© Copyright – 2013 – Athletics Illustrated
Dheensaw happens to be an award-winning journalist for the oldest major daily newspaper in Western Canada, the 153-year-old Times Colonist, located in Victoria, BC. He is also the author of several books, including Island of Champions: A Sporting History of Vancouver Island, Celebrate The Spirit: The Olympic Games, Commonwealth Games: The First 60 Years, Simon Says Gold: Simon Whitfield’s Pursuit of Athletic Excellence, and Lacrosse 100: One Hundred Years Of Lacrosse In B.C. As it turns out, when it comes to the sport of athletics (running and track and field), Dheensaw harbours a near encyclopaedic knowledge of the sport locally and is also very well versed in the international game. For a writer who must cover a plethora of major as well as local sports, his cache of Canadian athletics trivia history is impressive.
A product of the University of Victoria, Dheensaw immediately took up with the newspaper upon graduation in 1981; he continues to work at his first and only career position today. He has covered the Victoria Track Classic each year since its inception in 1988, 25 years ago. He was writing of the track meets at Centennial Stadium before the Track Classic existed, dating back to the early 1980s. Before then, being a fan of the sport, he remembers well the meets that happened during the late 1960s and all through the 1970s, including the year Canada and the US clashed at a dual meet. The entire US national sprint team came up for the 1968 meet, including many athletes who were to medal during the 1968 Mexico City Olympics. “The stands were full for that meet, said Dheensaw, reflecting. He added, “It is interesting that in Canada there is a city that will experience a traffic jam after a track meet.”
As Dheensaw ponders the history of athletics in Victoria, he divides the generations into eras, where each era is unique and self-promotes via its own heroes, which in-turn perpetuates the success of the high-profile meets that follow. According to Dheensaw, each unique era’s success has as much to do with the knowledgeable crowds that pay to sit in the stands at Centennial, as do the various eras themselves. “Victoria has such a strong running population – they know the sport so well and are respectful of the athletes at the track meets,” says Dheensaw, while suggesting that the Track Classic is like a smaller version of Eugene, Oregon’s big meet, the Prefontaine Classic, that takes place each year at the famous Hayward Field. Eugene’s nickname is Track Town, USA.
The inaugural Victoria Track Classic was a big success as Victoria had submitted a bid for the 1994 Commonwealth Games and were competing against Cardiff, Wales, and New Delhi, India. At that time the committee wanted to show that they can stage an exciting and successful international event. Peter Rono was recruited to run. Although the Victoria fans are knowledgeable enough to know that the great, three-time world record holder Henry Rono and Peter were not related, his name still carried marketing value, however; most likely from simply being Kenyan, than anything else. The latter Rono was virtually unknown at the time. “Well Peter shows up and wins the 800m anyway,” chuckles Deensaw. “The crowd was electric with excitement, as it was an Olympic qualifying year, with the Seoul Games just around the corner. Those Olympics, later in the summer, drove interest for the meet the following year, as Rono ended up winning Olympic gold in the 1500m distance. Of course, it is something to say, we had an Olympic gold medallist at our meet. “It was a great start, as he was one of the athletes that made the event. The organising committee caught lightning in a bottle with that first meet,” said Dheensaw.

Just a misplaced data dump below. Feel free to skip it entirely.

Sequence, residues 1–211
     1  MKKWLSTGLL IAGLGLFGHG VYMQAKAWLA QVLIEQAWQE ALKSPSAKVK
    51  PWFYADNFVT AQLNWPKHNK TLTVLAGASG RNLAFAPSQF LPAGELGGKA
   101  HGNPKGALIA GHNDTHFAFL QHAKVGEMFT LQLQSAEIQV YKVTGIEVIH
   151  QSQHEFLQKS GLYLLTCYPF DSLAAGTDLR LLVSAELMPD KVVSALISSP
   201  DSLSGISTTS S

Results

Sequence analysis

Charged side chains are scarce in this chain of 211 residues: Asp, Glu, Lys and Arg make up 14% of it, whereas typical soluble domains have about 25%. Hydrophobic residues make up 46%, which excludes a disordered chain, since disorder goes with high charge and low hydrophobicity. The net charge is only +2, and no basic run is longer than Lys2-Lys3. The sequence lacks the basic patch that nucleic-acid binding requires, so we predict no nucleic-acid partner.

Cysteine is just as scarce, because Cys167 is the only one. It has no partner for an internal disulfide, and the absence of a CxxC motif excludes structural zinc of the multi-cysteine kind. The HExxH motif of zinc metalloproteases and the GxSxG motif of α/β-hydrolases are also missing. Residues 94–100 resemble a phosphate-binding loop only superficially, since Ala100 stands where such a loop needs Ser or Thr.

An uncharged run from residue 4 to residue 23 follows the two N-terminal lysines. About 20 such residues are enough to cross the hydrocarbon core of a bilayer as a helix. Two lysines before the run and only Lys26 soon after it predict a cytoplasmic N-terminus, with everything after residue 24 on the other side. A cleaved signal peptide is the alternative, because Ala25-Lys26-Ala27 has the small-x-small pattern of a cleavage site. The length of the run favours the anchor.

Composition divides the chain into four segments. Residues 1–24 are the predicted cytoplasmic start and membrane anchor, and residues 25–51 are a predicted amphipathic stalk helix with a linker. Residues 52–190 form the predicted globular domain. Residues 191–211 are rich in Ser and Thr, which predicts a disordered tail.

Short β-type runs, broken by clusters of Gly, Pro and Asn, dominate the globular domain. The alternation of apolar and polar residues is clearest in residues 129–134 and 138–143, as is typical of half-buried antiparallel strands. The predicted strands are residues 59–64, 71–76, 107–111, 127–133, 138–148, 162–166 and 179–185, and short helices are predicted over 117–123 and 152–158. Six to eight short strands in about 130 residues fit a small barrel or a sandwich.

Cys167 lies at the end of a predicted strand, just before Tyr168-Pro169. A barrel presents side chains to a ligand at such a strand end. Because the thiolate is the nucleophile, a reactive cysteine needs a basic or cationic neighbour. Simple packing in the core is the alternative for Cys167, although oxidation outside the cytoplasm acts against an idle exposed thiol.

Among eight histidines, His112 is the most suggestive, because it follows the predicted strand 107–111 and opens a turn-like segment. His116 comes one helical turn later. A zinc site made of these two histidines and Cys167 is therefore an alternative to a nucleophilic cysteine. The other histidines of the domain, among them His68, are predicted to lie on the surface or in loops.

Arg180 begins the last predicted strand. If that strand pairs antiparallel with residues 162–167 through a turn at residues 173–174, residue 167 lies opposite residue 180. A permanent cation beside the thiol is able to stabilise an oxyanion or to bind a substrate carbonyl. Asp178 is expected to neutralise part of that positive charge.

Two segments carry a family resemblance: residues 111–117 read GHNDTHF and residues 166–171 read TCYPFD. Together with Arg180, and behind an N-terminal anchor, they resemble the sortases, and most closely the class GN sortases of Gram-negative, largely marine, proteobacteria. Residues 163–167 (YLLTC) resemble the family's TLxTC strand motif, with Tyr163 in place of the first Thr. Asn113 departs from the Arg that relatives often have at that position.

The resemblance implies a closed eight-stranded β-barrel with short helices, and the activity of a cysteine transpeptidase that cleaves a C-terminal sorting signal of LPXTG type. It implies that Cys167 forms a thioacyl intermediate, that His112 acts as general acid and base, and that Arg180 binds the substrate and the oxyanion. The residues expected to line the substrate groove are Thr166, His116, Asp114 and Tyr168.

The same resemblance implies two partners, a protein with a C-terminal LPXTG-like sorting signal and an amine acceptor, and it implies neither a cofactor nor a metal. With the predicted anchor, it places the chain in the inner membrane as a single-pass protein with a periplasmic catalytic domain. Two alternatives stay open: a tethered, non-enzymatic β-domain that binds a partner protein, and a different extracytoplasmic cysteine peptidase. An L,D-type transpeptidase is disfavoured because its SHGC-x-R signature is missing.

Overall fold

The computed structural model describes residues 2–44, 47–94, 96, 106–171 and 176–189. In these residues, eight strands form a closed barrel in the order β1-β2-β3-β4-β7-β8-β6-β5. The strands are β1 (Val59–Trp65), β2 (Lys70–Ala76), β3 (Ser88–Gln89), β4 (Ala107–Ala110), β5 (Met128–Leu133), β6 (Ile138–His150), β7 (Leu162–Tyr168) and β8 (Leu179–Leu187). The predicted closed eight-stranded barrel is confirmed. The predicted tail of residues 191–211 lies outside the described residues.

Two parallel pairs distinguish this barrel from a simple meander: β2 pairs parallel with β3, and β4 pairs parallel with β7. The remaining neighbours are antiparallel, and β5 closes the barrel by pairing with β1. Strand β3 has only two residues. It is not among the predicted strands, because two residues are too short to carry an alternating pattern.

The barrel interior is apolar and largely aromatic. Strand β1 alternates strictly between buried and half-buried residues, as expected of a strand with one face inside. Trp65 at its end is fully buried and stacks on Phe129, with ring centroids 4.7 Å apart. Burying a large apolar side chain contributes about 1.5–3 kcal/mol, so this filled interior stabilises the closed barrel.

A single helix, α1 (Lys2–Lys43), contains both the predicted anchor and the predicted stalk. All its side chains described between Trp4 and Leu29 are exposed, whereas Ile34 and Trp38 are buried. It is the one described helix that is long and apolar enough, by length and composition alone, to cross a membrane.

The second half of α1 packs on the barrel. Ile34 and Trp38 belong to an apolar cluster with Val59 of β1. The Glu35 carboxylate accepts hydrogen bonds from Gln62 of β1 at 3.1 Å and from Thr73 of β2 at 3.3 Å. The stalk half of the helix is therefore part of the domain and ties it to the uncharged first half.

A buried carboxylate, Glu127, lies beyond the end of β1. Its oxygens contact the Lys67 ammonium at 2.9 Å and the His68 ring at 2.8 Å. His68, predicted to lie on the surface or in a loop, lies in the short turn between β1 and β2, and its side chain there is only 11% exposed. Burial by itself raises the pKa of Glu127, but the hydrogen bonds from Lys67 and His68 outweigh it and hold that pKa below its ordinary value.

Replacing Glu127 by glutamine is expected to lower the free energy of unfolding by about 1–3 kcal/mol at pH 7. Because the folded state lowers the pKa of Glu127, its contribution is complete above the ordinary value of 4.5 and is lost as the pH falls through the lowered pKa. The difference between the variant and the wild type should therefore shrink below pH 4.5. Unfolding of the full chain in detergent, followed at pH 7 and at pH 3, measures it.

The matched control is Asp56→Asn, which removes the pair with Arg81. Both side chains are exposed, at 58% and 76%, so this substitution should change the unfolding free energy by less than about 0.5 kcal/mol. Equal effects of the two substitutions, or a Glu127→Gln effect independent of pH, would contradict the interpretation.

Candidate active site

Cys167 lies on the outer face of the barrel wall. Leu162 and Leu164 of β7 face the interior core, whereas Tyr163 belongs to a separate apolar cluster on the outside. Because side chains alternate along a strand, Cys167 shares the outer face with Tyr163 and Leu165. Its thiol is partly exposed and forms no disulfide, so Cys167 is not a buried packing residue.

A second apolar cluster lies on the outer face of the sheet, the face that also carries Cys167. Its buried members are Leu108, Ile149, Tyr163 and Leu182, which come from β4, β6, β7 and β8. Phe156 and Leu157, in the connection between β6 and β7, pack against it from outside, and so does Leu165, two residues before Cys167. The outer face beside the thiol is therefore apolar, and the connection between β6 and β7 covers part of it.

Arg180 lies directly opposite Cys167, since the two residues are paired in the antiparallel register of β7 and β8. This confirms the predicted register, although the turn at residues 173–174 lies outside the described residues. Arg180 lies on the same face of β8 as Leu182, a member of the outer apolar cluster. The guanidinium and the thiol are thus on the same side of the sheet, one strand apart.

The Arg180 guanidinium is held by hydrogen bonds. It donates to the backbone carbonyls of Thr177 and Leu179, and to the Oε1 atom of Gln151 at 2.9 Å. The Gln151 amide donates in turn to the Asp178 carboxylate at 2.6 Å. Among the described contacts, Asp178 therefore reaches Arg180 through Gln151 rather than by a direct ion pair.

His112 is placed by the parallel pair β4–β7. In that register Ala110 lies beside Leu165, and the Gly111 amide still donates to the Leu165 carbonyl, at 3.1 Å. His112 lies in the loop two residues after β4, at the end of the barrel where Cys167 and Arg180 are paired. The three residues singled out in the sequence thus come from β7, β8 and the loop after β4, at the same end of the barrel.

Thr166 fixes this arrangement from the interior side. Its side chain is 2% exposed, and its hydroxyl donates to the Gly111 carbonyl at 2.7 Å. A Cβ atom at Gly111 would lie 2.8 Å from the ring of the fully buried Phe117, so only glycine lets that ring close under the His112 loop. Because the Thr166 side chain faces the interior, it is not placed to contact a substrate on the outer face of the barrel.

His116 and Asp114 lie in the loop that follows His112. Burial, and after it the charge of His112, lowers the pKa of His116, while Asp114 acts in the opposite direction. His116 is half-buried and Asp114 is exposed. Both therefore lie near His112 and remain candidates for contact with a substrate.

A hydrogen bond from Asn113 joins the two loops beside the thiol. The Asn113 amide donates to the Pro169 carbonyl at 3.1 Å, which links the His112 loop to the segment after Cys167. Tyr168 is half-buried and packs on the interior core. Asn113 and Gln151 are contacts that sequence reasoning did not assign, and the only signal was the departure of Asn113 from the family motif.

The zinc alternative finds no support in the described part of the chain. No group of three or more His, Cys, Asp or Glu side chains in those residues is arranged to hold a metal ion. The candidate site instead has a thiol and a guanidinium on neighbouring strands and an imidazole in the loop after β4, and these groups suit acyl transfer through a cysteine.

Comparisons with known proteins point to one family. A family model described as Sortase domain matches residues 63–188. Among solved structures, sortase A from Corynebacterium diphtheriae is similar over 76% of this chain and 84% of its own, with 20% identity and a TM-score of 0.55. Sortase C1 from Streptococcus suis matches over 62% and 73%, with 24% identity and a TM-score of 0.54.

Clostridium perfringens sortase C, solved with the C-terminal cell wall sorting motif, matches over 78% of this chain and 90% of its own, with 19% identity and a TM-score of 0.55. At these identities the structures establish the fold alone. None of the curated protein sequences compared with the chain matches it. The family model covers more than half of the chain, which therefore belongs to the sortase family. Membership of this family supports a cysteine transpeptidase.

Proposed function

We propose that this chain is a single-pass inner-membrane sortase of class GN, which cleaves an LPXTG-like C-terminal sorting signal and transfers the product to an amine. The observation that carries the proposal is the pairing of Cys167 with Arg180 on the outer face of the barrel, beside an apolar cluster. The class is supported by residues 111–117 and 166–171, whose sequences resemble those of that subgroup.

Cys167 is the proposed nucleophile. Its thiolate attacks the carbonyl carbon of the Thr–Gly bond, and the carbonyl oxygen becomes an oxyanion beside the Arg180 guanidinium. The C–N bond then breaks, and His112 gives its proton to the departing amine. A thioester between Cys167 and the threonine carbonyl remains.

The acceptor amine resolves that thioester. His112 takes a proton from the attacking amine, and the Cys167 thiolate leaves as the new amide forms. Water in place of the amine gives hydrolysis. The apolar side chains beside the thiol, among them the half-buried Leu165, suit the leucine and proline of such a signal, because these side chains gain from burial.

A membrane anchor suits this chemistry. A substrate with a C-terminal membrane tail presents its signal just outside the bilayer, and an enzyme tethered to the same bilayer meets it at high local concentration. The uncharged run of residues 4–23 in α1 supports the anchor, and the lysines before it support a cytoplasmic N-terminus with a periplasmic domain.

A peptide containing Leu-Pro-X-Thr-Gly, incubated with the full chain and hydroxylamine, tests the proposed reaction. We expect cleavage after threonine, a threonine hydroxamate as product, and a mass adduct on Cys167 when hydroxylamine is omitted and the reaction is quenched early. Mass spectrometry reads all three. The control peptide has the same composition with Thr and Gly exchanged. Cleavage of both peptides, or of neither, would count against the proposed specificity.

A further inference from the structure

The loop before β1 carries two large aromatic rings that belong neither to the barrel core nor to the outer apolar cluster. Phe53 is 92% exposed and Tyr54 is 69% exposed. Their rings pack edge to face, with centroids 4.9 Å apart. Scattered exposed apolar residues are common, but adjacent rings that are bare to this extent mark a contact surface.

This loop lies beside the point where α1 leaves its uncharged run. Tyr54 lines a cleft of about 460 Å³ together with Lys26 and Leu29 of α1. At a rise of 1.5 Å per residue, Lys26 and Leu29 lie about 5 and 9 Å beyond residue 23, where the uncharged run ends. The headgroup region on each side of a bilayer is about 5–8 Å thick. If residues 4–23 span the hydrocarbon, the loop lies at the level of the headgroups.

On that same evening, Victoria’s Dave Campbell won the main event, which was the 1500 metres. Additionally, Olympians Debbie Scott and Lynn (Kanuka) Williams, duelled over the 3000 metres against a top-American field, which made for a very exciting finish in front of the hometown crowd. Canadian Olympian Paul Williams, who owned several Canadian records in distances from 3000m to the 10000m – as well as being the first Canadian to break the 28-minute mark for 10000m – duked it out against American Sydney Maree, who, in 1983 broke the world 1500m record in the time of 3:29.77. His name alone could top the bill for the night’s schedule. This first era was propped by the various international meets that took place before, as well as this first-year success. Those previous international meets also included other greats where their names can draw a full house, including the legendary Grete Waitz (Andersen), Alberto Salazar and John Walker to name a few. “Salazar drew great interest from his successes in the marathon, including winning the New York City Marathon around that time.”